A motion on the issue was passed by delegates at the final day of the Greens' autumn conference in Inverness.
Ahead of the party's spring conference, then co-convener Maggie Chapman told The Herald On Sunday newspaper a pact with the SNP was "certainly possible".
She said her party would need to enter negotiations with a clear idea of what they would and would not concede, adding: "It is not something I would ever want us to rule out."
Closing the party's autumn conference, lead candidate for the Highlands and Islands Ariane Burgess criticised the SNP conference, which began in Aberdeen on Sunday, for having events sponsored by BP and Heathrow and accused them of "selling out" to oil companies.
She said: "Only the Greens have what it takes to deliver the transformative change that is needed in the face of the climate emergency.
"And if you want any proof, just look at SNP conference that is opening today. Brought to you by Heathrow Airport and BP, one of the biggest polluters in the world ever.
"Yet more proof that the SNP's rhetoric and eye-catching but distant targets are window-dressing, serving only to stave off criticism.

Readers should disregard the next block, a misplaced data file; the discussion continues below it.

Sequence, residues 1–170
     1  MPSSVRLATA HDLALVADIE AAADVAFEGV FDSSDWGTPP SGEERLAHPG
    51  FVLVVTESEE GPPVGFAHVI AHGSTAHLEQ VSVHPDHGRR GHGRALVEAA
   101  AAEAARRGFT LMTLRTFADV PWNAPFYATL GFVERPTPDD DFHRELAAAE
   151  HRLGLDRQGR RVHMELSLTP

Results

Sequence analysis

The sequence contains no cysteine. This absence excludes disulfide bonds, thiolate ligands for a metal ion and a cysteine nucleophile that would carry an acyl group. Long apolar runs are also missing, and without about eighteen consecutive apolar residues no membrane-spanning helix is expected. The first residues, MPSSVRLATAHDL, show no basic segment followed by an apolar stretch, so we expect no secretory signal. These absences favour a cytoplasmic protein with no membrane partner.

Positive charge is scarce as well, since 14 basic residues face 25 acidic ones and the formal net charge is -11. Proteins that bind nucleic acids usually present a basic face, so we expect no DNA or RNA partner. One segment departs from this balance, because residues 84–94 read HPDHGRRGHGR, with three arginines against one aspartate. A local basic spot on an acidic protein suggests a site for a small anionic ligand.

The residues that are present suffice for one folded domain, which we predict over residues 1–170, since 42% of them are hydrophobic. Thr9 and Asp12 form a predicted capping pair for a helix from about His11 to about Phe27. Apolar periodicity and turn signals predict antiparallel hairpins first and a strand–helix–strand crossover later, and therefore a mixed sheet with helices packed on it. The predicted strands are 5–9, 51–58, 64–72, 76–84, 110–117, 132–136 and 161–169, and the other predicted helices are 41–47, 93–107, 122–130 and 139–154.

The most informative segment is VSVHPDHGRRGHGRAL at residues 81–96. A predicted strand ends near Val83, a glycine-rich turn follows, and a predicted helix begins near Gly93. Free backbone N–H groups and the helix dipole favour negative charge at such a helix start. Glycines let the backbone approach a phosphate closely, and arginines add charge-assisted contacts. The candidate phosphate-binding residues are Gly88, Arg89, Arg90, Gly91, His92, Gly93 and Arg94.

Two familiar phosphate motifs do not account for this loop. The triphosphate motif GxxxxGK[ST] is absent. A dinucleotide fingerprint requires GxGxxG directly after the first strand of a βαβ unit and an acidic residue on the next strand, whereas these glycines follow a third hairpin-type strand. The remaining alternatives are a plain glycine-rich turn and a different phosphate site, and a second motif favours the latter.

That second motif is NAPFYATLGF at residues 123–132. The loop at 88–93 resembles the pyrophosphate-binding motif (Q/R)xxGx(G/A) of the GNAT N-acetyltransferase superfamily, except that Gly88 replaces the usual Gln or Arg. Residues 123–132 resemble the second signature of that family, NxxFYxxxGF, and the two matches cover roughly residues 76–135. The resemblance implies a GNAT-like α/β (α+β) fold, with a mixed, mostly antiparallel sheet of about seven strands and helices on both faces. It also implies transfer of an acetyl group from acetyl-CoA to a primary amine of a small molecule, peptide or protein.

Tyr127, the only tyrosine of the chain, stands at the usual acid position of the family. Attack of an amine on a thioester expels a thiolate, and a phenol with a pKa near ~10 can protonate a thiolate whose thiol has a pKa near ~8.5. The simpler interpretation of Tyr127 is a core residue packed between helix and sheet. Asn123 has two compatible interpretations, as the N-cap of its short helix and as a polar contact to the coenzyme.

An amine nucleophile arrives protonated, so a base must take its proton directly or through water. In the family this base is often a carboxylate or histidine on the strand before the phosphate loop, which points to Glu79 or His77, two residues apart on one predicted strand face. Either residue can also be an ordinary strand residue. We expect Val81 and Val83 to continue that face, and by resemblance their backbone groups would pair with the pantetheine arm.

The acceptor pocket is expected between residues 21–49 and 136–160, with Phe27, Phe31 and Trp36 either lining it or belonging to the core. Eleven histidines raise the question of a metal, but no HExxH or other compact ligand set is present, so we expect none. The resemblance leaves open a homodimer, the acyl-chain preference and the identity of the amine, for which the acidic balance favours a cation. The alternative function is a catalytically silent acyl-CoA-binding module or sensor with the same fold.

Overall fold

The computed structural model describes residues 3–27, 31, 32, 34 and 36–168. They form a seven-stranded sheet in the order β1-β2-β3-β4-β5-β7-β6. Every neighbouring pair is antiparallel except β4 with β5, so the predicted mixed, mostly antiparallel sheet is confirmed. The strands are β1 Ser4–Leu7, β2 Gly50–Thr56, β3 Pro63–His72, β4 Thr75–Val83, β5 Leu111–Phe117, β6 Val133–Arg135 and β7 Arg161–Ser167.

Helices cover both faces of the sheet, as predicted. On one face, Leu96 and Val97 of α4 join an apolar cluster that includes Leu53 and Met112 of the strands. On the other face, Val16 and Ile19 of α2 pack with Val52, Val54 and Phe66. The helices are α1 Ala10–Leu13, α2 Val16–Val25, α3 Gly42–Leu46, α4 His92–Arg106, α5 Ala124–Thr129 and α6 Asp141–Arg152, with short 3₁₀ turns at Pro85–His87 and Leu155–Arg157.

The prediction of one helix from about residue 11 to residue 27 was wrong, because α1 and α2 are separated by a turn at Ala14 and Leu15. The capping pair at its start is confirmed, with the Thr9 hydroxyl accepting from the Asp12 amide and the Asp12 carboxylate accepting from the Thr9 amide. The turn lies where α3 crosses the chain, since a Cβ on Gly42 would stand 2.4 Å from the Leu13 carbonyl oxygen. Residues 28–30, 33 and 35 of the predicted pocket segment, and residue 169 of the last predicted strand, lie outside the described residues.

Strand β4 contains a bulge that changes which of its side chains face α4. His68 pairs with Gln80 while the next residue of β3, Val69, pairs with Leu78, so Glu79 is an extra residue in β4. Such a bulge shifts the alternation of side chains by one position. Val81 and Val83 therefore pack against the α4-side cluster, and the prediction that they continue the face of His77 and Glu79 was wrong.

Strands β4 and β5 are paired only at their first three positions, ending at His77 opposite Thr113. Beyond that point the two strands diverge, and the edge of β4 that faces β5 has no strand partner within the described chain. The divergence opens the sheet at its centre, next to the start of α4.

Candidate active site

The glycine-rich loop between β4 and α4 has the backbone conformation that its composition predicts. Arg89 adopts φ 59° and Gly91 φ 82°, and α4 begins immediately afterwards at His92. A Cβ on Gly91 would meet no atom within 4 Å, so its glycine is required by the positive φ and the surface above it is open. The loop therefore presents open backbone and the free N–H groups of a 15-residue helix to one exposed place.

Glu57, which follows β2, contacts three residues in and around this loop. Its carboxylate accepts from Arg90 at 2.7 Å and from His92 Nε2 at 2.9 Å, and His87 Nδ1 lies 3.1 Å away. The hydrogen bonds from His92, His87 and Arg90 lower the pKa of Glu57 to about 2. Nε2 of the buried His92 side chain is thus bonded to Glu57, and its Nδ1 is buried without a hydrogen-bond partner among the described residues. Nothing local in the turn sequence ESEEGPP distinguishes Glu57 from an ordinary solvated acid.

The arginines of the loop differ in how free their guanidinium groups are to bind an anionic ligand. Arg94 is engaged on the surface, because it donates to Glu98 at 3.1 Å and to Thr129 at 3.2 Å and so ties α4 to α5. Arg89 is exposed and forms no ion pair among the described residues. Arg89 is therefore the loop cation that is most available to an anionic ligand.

"For all their talk of change, they are the party of the status quo."
Earlier, Green delegates voted to put climate issues at the heart of any negotiations over the Scottish Government Budget, with a motion calling for turning the "rhetoric of a 'climate emergency' into a reality" by moving to a low carbon economy being passed at conference.
In recent years, the minority SNP administration has relied on support from the Greens to pass its tax and spending plans at Holyrood, with the car park tax among this year's concessions.
"The Greens have shown that we can use the budget negotiations to get things done," co-leader Patrick Harvie said.
The next budget "must recognise the urgency of the climate emergency", he added.